The following is a guest post by Senior Music Specialist Susan Clermont.
Anniversaries commemorating the significant birthdays or deaths of famous composers often provide the curatorial staff here at the Library of Congress with great opportunities to take stock, so to speak, of what riches related to a certain figure might be found among our collections—opportunities, I might add, that rarely disappoint. When two of my colleagues recently reminded me of the impending bicentennial of Wagner’s birth, it was necessary for me to stifle a bark of laughter as my thoughts immediately turned to an eccentric set of epistles that were once safely tucked away in a milliner’s lavender-scented linen closet; now, long after their scandalous emergence from that closet, the letters occupy a space on our shelves filed under the name of Richard Wagner.
Perhaps the only thing better than a full-blown scandal is the constellation of dramatic retellings that they trigger—each iteration building upon the previous until the telling of the tale takes on a life of its own. Sometimes, transgressions inadvertently become public, like the botched Watergate break-in; or they may gradually unravel like Madoff’s catastrophic Ponzi scheme. Most often, though, scandals are occasioned by an intentional, provocative, communicative act—such as the leaking of a news story sensationalizing some aspect of a celebrity’s private life. Such is the case of our famous collection of fourteen autograph letters written between the years 1864 to 1868 by Richard Wagner to his Viennese seamstress and interior designer par excellence, Bertha Goldwag Maretschek.
In 1877, less than a year after the Bayreuth Festspielhaus opened and the first complete performance of the Ring took place, Daniel Spitzer (1835-1893), a famous columnist and satirist with Vienna’s Neue Freie Presse, learned of the existence of the titillating Wagner-Goldwag epistolary from an undisclosed source. Reportedly, the sensational cache outlined in minute detail Wagner’s predilection for wearing luxurious apparel made of silks and satins, rosettes and bows; his orders to milliner “Fräulein Bertha” revealed a penchant for soft, feminine fabrics, trimmings and linings that were selected for his pale pink satin dressing gowns, matching slippers adorned with bouquets of roses, lavishly festooned bed-covers, pink silk underwear, and other accessories too numerous to name—all sensuously enhanced with hints of rose-scented fragrance!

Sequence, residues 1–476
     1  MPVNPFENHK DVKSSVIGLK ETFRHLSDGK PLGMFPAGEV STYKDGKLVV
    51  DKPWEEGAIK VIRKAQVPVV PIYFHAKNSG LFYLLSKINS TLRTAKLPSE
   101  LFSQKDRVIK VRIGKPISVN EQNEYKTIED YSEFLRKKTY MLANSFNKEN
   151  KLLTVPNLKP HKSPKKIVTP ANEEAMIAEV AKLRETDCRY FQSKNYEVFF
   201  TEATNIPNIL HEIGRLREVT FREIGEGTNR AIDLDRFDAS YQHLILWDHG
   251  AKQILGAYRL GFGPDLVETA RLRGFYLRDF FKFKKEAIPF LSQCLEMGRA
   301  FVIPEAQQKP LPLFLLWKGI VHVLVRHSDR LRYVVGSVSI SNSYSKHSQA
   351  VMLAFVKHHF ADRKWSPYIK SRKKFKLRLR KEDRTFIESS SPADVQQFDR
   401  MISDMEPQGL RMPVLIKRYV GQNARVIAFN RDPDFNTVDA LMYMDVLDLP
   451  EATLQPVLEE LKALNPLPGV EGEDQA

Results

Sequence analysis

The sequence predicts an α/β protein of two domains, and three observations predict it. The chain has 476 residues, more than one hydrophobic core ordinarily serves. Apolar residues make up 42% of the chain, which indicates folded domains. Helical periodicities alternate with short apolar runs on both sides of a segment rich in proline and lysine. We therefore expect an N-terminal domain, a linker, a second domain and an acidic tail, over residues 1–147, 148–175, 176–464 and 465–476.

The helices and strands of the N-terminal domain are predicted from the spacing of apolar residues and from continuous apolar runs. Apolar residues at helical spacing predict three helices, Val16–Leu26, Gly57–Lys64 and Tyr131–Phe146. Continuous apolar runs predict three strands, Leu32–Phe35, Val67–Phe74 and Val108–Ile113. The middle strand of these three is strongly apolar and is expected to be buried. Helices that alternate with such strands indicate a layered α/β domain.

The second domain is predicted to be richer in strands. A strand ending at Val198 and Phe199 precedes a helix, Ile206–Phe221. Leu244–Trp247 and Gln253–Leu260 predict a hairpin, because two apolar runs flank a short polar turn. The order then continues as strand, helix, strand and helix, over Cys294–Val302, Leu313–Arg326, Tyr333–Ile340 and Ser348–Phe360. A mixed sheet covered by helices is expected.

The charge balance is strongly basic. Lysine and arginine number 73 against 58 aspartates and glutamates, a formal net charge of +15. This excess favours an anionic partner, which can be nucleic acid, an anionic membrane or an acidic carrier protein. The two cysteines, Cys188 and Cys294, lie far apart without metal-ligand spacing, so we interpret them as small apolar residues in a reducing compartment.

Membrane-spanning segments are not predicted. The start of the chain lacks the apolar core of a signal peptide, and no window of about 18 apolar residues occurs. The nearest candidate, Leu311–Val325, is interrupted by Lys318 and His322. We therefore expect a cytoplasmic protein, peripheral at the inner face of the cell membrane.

Spitzer, a seasoned scandalmonger with close ties to the circle of followers associated with Johannes Brahms, capitalized on the opportunity to air Wagner’s “dainty laundry,” and convinced his editor to purchase the ill-gotten letters from a local dealer, indiscreetly publishing them on June 16-17 and July 1, 1877) with added commentary for the amusement of his readers. A humiliated Wagner partially blamed Brahms, who is said to have borrowed and publically read the letters to “hugely delighted friends” at the local coffee house; he even contemplated immigrating to America, and Cosima, “…the day she discovered the press coverage, was too disheartened to dissuade him from considering the idea of another exile” [from Cosima’s diary, quoted by Lawrence Dreyfus in Wagner and the Erotic Impulse, Harvard University Press, 2010, p. 143]. Cosima obviously came to terms with his eccentricity, ordering a pink carpet crafted from flamingo breast feathers with a border of peacock plumes for her husband’s 66th birthday. Dreyfus also notes, the pale pink satin fetish remained the “leading motif of Wagner’s intimate attire” as he reportedly died in a dressing gown of his favorite color!
Soon after the 1877 scandal, Spitzer sold the letters to industrialist Arthur Faber, husband to Brahms’ friend, singer Bertha Porubszky. (Brahms composed his Wiegenlied (cradle-song), aka his “Lullaby,” for the Fabers’ first born.) Faber gifted the letters to Brahms, who temporarily loaned them to Joseph Joachim, and upon their return, he set them aside in an envelope intended for his estate. Berliner Dr. Eugene Wolbe sold the epistolary to the Boston antiquary Charles Goodspeed, from whom the Library bought them in 1922. Today, the Music Division’s fourteen Putzmacherin (milliner) letters display the muted evidence of faded splendor, with small swatches of satins and ribbons folded between the sheets having lost their original luster of magenta, mauve, and applegreen.
Accounts of the letters and the stir they created continue to flood the literature: there is a 1906 interview with Bertha herself describing the Venusberg-like boudoir she designed for Wagner with silk-lined walls, soft carpets and lavish pink accessories; here she vehemently denies having any knowledge about who might have stolen her well-hidden collection. Few Wagner monographs fail to retell this textilian tale (along with similar requisitions involving Friedrich Nietzsche, author Judith Gautier, etc.); dozens of studies quote Bertha’s letters in discussions about Wagner’s pathologies—his musical eroticism, moral insanity, and how this manifestation of quintessential decadence was perchance a necessary, even crucial by-product of the gorgeousness and genius of Richard Wagner’s colorful and unmatched musical palette. Happy 200th birthday!